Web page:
The target 3-methyl-3,4-dihydroquinazolin-2(1H)-one derivatives 5 and 6 were obtained in yields of 13–100%. The structures were determined by 1H NMR, 13C NMR and mass spectrometry, while purities were estimated by HPLC as cited in Experimental section. The successful synthesis of the cinnamoyl derivatives 6 was verified by the presence of the 1H NMR signals of the vinylic protons of the substituent.

The second series, the N1-substituted 3-methyl-3,4-dihydroquinazolin-2(1H)-one derivatives 7ae and 8af, was synthesised according to the pathway shown in Fig. 4. 3,4-Dihydro-3-methyl-2(1H)-quinazolinone was dissolved in N,N-dimethylformamide (DMF) and treated with sodium hydride at 0 °C. The reaction was stirred for 20 min, and an appropriate alkyl bromide or alkyl chloride was subsequently added. The reaction was stirred for a further 1 h at 0 °C, and after completion was partitioned between water and ethyl acetate. The organic phase was dried over MgSO4 and then concentrated in vacuo, and the resulting residue was recrystallised from ethanol, ethyl acetate or a mixture of petroleum ether and ethyl acetate/ethanol. Compounds 7b, 7c, 7e, 8a and 8c were purified by column chromatography. The 3-methyl-3,4-dihydroquinazolin-2(1H)-one derivatives were obtained in yields of 10–67%. The structures were verified, as cited in Experimental section, by 1H NMR, 13C NMR and mass spectrometry, and purity was estimated by HPLC. Interestingly, this procedure yielded both the 3-methyl-3,4-dihydroquinazolin-2(1H)-one derivatives 7ae and the 3-methyl-3,4-dihydroquinazolin-2(1H,3H)-diones, compounds 8af. For 7ae, 1H NMR spectra exhibit a singlet (2H) at approximately 4.5 ppm for the methylene protons at position 4, which was absent for compound 8af. Furthermore, in the 13C NMR spectra of 8af, an additional carbonyl carbon signal at approximately 162 ppm was observed.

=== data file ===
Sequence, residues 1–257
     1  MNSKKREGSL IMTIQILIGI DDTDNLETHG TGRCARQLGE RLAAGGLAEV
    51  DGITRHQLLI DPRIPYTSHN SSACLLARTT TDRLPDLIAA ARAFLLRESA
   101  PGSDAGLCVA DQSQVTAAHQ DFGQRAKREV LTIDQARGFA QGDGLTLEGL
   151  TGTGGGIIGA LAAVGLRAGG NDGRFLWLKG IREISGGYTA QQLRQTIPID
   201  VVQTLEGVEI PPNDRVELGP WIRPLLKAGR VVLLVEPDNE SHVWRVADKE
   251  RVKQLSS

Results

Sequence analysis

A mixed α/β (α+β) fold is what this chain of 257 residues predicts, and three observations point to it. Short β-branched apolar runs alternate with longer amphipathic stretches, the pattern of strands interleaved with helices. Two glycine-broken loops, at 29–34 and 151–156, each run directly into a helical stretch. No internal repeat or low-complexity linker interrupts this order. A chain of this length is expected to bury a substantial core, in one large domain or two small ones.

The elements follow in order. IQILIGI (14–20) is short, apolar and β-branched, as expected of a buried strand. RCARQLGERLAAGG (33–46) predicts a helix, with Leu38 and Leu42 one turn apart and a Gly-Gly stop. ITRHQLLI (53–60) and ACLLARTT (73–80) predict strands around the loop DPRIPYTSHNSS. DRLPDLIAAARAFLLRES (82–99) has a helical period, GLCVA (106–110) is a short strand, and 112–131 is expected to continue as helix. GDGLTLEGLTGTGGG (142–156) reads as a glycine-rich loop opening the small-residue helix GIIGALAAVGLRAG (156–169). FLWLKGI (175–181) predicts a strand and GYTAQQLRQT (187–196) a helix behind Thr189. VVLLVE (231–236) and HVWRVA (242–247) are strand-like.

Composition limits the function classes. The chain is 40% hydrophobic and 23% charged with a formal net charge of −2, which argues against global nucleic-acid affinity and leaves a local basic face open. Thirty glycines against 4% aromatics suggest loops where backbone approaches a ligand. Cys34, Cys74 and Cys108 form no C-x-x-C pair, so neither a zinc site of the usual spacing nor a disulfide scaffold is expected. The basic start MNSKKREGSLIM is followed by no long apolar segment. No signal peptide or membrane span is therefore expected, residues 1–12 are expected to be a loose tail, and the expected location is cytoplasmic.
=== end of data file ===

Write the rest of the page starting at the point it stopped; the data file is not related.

Fig. 4
figure4

Synthesis of N1-substituted 3-methyl-3,4-dihydroquinazolin-2(1H)-one derivatives 7 and 8. Key a NaH, DMF, 0 °C

IC50 values for the inhibition of MAO

The IC50 values for the inhibition of MAO-A and MAO-B were determined by employing the human recombinant enzymes [28, 29]. Kynuramine, a nonspecific MAO substrate, was used to measure the catalytic rates of both enzyme isoforms. Kynuramine is non-fluorescent, and after MAO-catalysed oxidative deamination yields 4-hydroxyquinoline, a metabolite which fluoresces in alkaline media. The rate of kynuramine oxidation was thus determined by measuring the production of 4-hydroxyquinoline by fluorescence spectrophotometry (λex = 310, λem = 400) at the endpoint of the enzyme reaction. The enzyme reactions contained substrate (50 µM) and test inhibitor (0.003–100 µM) in potassium phosphate buffer (pH 7.4, 100 µM). After the reactions were initiated with the addition of the enzyme, the reactions were incubated for 20 min at 37 °C and terminated with the addition of sodium hydroxide (2 N). Control reactions were conducted in the absence of inhibitor. IC50 values were estimated by constructing sigmoidal plots of enzyme catalytic rate versus the logarithm of inhibitor concentration. Examples of such plots are shown in Fig. 5.

Fig. 5
figure5

Sigmoidal plots for the inhibition of MAO-A and MAO-B by 6b (open circles) and 6c (filled circles), respectively

The IC50 values for the inhibition of the human MAOs by 3-methyl-3,4-dihydroquinazolin-2(1H)-one derivatives are given in Tables 1, 2, 3 and 4. From the results, it is evident that the 3-methyl-3,4-dihydroquinazolin-2(1H)-one derivatives 58 are weak MAO-A inhibitors with IC50 > 7.43 µM. Only three compounds (e.g. 6b, 6g and 6h) possess IC50 < 15 µM for the inhibition of MAO-A. Furthermore, with the exception of 5c, 5j and 7ad, none of the compounds evaluated are specific for the MAO-A isoform. These compounds are, however, very weak inhibitors of MAO-A. While no clear trend exists for the inhibition of MAO-A, it is noteworthy that none of the 3-methyl-3,4-dihydroquinazolin-2(1H,3H)-diones (8af) exhibited inhibition, even at a maximal tested concentration of 100 µM. Furthermore, the three most potent MAO-A inhibitors, 6b, 6g and 6h, are all cinnamoyl-substituted 3-methyl-3,4-dihydroquinazolin-2(1H)-one derivatives.